HOUSTON -- It wasn't the home run that flipped the script of Game 7, let alone the moment everyone will remember, but Juan Soto's seventh-inning walk was perhaps the fulcrum around which the entire inning unfolded. It also showed why the 21-year-old breakout star of the World Series could be the next player who rises to the level of Albert Pujols or Mike Trout.
With one out and Zack Greinke cruising with a 2-0 lead, the Nationals had the meat of their order facing the Astros right-hander for the third time: Anthony Rendon, Soto and Howie Kendrick. You don't want to walk Rendon because that would bring up Soto -- who already had homered three times in the series -- as the tying run. The Astros didn't have a lefty in the bullpen, so that meant going after Soto with a right-hander -- whether it was Greinke or reliever Will Harris.
So with Soto looming, Rendon homered off a 1-0 changeup from Greinke to make it 2-1.
Suddenly Soto represented the tying run. He had singled in the second, the only hit off Greinke until Rendon's home run, then struck out in the fifth on a sequence that included a slow curveball and a changeup that Soto struck out on with a checked swing.
In the seventh, Soto took a fastball for a ball, swung through a curveball and took a changeup for a ball. Greinke threw another changeup, a good one at the knees. It was called a ball. Yes, Soto caught a break -- the pitch had a 92% strike probability -- but he had learned quickly. He had missed that changeup in the fourth. He was going to lay off it this time. The next pitch was a 3-1 curveball off the plate for ball four.
Plate discipline. It's a beautiful thing in such a young player. Soto had the 11th-lowest chase rate in baseball in the regular season. It would be understandable for a young player who possesses light-tower power, trailing by one run late in Game 7 of the World Series, to swing for the fences. Soto took the walk.
"You look at a 21-year-old kid that's just out there having fun like he's playing stickball in the backyard," manager Dave Martinez said. "That's who he is. He loves the moments. He loves going up there and picking up his teammates."
Soto can certainly have fun -- note his home run in Game 6, when he carried his bat to first base, mimicking Alex Bregman's home run trot from earlier in the game -- but his teammates and opponents praised Soto's mature approach throughout the postseason. He showed that in that Game 7 plate appearance.
With Soto on base, Astros manager AJ Hinch had a tough decision with Greinke, and opted to bring in Harris. Hinch said after the game that he targeted this point in the game for Harris, to face Kendrick and Asdrubal Cabrera. Note that Hinch didn't mention Soto. That's because he didn't have a good option for Soto. Heck, earlier in the series he gave Soto an intentional walk -- after not issuing one the entire season. It might have been nice if the front office had given Hinch a left-hander in the bullpen just for this type of situation.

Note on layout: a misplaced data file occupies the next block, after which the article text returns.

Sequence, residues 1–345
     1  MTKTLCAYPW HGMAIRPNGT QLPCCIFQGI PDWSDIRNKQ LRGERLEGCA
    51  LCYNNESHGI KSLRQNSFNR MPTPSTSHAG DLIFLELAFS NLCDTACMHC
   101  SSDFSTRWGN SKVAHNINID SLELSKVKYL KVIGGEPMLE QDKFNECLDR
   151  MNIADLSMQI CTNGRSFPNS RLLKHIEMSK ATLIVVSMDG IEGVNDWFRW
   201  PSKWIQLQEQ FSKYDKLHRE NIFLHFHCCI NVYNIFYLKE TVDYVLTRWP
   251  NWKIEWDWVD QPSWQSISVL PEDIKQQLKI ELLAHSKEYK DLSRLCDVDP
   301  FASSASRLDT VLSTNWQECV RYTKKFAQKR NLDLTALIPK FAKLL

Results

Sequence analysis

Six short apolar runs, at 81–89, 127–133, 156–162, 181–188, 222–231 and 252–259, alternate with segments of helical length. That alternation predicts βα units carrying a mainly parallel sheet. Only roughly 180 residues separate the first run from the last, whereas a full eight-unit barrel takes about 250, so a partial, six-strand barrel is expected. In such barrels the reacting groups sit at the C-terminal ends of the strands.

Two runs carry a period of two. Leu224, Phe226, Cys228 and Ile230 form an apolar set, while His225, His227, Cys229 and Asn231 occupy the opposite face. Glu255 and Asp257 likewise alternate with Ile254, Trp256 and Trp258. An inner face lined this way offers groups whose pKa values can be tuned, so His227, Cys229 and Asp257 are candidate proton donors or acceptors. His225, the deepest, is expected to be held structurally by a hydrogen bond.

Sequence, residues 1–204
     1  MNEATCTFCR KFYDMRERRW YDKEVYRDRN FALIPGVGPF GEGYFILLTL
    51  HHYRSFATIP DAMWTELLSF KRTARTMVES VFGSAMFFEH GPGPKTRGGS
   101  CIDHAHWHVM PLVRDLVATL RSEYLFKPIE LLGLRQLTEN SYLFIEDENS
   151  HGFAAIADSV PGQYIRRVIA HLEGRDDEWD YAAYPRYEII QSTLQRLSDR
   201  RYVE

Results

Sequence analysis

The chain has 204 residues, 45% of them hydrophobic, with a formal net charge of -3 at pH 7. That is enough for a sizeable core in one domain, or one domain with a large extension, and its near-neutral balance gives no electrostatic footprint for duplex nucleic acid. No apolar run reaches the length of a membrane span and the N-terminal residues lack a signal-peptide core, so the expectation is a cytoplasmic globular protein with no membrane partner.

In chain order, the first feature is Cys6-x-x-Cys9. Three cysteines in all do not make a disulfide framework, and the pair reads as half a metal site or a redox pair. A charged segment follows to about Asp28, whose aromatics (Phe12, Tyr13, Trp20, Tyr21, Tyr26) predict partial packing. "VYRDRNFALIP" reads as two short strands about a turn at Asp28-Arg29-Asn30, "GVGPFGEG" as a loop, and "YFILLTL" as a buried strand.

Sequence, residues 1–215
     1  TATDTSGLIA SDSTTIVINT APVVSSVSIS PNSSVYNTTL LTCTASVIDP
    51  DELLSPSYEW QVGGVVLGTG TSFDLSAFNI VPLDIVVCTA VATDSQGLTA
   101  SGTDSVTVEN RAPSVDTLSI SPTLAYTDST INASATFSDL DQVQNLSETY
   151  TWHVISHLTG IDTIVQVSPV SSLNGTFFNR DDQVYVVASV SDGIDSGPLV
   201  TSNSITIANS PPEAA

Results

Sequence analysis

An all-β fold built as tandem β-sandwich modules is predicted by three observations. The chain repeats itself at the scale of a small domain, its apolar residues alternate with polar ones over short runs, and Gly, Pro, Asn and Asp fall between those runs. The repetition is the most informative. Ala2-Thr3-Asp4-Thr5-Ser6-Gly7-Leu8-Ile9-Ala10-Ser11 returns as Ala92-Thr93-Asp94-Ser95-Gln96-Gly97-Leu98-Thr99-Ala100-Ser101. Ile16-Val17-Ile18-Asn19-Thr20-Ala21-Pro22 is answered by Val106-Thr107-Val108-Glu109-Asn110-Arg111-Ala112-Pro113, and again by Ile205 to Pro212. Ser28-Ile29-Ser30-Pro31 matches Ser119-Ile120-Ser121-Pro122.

Kendrick, of course, homered off Harris to put Washington in front, and the Nationals later tacked on three insurance runs. Soto added a two-out RBI single in the eighth that made it 4-2.
Soto's final World Series line: .333/.438/.741 with three home runs and seven RBIs. He became the youngest player to hit three home runs in one World Series. He had a crucial two-run double off Gerrit Cole in Game 1, the go-ahead home run off Justin Verlander in Game 6, and the walk and RBI single in Game 7.
Soto's postgame response to winning the World Series: "It makes you dance!" Then he started dancing.
His overall postseason line: .277/.373/.554. The website thebaseballgauge.com keeps track of a statistic called championship win probability added, which factors how the result of each at-bat affects the odds of winning a particular game and of winning the World Series. Kendrick's home run off Harris was the single biggest play of the postseason, but the player who led the entire postseason in total CWPA was Soto.
"As far as how he rises to the occasion, I think he's just a really talented player," teammate Ryan Zimmerman had said before Game 7. "People that usually have success in the playoffs and are really talented do it the entire year as well. It's just not as many people see it. Now once the whole world sees it, everyone talks about it."
Indeed. Nationals fans have been watching Soto the past two seasons. Die-hard fans know the numbers. The back-to-back .400 on-base seasons at the unheard-of ages of 19 and 20. The .282/.401/.548 season this year with 34 home runs and 110 RBIs.
Is it fair to compare Soto to Pujols or Trout? Maybe not. We're talking about two of the best hitters of all time, and two outstanding all-around players. Pujols hit .331 over his first 10 seasons. Trout has led his league four times in OPS and six times in OPS+. Soto ranked sixth this season in OPS and eighth in OPS+.
But maybe it is fair. Soto just turned 21 a few days ago. The list of comparable players through his first two seasons includes names like Mickey Mantle, Frank Robinson, Trout, Ken Griffey Jr. and Mel Ott. As Zimmerman said, "The scary thing is he's only going to get better with the more experience that he gets and as he learns himself as a player and as a hitter. So, yeah, the sky's the limit for him."
The next Pujols or Trout? Joey Votto with more power? The plate discipline of Ted Williams with a modern flair? Let's just call him the first Juan Soto.